Changing Lands: An Exploration of the Relationship Between People and Land in Native American Literature
This paper traces the transformation of the relationship between Native Americans and land in Native American stories and literature, and how the increasingly complex nature of this relationship mirrors the entangling of the many definitions of the word “land.” References to the natural land’s beauty and power can be traced back to the creation myths of many Native American tribes; here, the enlivened “land” is exalted, its forces, treated with reverence and respect. In works such as Leslie Marmon Silko’s Ceremony and Louise Erdrich’s Tracks, the tone begins to shift, and while these authors venerate the land, they also condemn the exploitative, capitalist efforts by western forces who seek to destroy the land for profit. As the meanings of “land” – the natural, the owned – begin to intertwine, feelings towards the land become more complicated. In the novel, There There,author Tommy Orange expounds on these feelings, describing the challenges and experiences of the Urban Indian in the present-day Oakland. However, while it is apparent in these stories that the relationship between people and land has changed over time, what is consistent in each is the prominence of the setting – the importance of the land, no matter the meaning. Creation myths provide stories of beginnings, of origins, of how populations and communities come to be, and through their relation, ensconce identity and history into permanence. But the same can be said of stories such as Ceremony, Tracks, and There There, which, in their existence, inlay their subjects – the Native populations being written about – into spatial-temporal settings, creating, like the myths before them, an indelible record of people in place, on land. This paper will offer a closer inspection of There There, and how, in its composition, it has created for this population a new story – not of creation, but of recreation.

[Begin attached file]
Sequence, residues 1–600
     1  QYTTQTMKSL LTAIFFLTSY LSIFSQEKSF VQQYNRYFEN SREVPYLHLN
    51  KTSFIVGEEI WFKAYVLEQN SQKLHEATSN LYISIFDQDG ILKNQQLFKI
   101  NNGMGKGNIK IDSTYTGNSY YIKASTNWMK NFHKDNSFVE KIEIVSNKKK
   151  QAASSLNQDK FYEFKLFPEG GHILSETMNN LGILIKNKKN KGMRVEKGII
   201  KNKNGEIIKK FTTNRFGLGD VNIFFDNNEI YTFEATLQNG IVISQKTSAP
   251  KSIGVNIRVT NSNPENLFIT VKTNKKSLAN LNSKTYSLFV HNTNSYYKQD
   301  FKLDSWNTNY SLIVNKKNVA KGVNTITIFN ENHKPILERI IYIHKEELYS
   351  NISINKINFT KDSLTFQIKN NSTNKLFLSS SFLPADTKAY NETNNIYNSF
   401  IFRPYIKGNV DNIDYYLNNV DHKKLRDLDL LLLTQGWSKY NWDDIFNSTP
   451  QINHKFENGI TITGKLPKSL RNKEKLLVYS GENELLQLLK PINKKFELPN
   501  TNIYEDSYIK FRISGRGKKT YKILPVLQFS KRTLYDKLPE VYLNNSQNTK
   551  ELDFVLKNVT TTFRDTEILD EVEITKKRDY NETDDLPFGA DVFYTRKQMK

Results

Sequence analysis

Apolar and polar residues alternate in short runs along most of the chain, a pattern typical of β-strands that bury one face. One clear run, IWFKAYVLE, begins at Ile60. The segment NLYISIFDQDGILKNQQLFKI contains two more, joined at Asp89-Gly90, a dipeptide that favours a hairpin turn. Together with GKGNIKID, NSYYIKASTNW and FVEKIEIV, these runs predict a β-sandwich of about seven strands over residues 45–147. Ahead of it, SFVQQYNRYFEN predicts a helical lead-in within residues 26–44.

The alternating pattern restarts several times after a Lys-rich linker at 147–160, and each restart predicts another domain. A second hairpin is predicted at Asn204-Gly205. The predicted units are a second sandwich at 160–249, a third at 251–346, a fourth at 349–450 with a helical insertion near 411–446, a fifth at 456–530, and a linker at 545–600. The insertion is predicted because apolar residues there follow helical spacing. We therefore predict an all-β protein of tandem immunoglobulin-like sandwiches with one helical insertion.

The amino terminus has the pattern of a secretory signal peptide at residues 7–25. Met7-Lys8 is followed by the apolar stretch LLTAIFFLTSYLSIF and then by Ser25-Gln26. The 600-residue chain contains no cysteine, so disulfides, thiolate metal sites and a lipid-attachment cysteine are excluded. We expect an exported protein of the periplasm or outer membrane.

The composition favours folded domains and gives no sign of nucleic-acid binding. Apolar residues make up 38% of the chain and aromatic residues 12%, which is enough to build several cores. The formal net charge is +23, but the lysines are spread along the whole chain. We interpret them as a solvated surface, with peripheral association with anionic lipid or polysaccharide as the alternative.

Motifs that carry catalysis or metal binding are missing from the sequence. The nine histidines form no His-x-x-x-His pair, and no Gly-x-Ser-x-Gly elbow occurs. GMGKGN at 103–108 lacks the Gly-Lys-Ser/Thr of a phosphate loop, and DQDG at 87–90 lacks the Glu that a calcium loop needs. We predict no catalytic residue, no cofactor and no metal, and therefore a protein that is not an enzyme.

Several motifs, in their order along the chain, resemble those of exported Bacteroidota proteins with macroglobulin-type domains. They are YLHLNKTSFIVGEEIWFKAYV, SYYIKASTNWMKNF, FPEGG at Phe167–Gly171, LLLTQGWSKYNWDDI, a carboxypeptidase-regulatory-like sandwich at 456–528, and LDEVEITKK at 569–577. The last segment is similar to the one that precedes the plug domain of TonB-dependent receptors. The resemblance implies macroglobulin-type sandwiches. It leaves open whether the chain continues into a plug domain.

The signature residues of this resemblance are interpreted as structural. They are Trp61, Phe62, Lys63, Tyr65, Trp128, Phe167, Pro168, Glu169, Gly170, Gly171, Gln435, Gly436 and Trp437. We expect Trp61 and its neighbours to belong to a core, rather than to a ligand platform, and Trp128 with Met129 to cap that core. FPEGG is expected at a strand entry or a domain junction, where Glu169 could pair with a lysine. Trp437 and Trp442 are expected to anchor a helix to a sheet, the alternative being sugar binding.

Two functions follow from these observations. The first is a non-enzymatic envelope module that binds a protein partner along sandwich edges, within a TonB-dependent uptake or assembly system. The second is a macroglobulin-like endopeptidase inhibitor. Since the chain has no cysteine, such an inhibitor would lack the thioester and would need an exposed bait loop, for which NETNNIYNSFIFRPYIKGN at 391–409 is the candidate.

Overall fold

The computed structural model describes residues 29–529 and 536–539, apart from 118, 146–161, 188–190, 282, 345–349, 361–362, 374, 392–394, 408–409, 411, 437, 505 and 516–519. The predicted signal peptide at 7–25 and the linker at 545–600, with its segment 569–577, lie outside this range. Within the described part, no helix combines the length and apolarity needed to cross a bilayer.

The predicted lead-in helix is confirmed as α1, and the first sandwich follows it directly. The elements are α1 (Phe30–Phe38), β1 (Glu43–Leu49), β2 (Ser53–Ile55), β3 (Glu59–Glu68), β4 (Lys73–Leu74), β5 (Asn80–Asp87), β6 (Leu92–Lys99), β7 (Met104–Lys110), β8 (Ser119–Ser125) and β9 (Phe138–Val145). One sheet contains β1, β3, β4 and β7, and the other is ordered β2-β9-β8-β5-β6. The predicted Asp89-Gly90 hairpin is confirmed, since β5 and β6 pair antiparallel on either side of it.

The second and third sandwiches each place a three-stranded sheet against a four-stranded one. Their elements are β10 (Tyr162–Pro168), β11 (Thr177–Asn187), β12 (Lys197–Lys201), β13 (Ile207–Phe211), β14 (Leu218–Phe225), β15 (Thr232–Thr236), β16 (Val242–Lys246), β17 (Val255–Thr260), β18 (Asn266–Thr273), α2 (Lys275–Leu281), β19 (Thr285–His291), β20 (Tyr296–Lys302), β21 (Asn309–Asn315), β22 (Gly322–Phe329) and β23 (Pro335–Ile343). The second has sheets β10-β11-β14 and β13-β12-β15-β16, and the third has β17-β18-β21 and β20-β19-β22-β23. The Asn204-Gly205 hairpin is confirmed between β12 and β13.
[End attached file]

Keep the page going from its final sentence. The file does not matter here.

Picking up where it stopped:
Evan Miller was born and raised in Massachusetts. He attended Boston College for his undergraduate studies, where he earned a Bachelor of Arts in Music with a concentration in Ethnomusicology. Currently, Evan attends Salem State University, where he is pursuing a dual master’s degree in Teaching and English, with a focus on literary studies and a goal of teaching English at the high school level.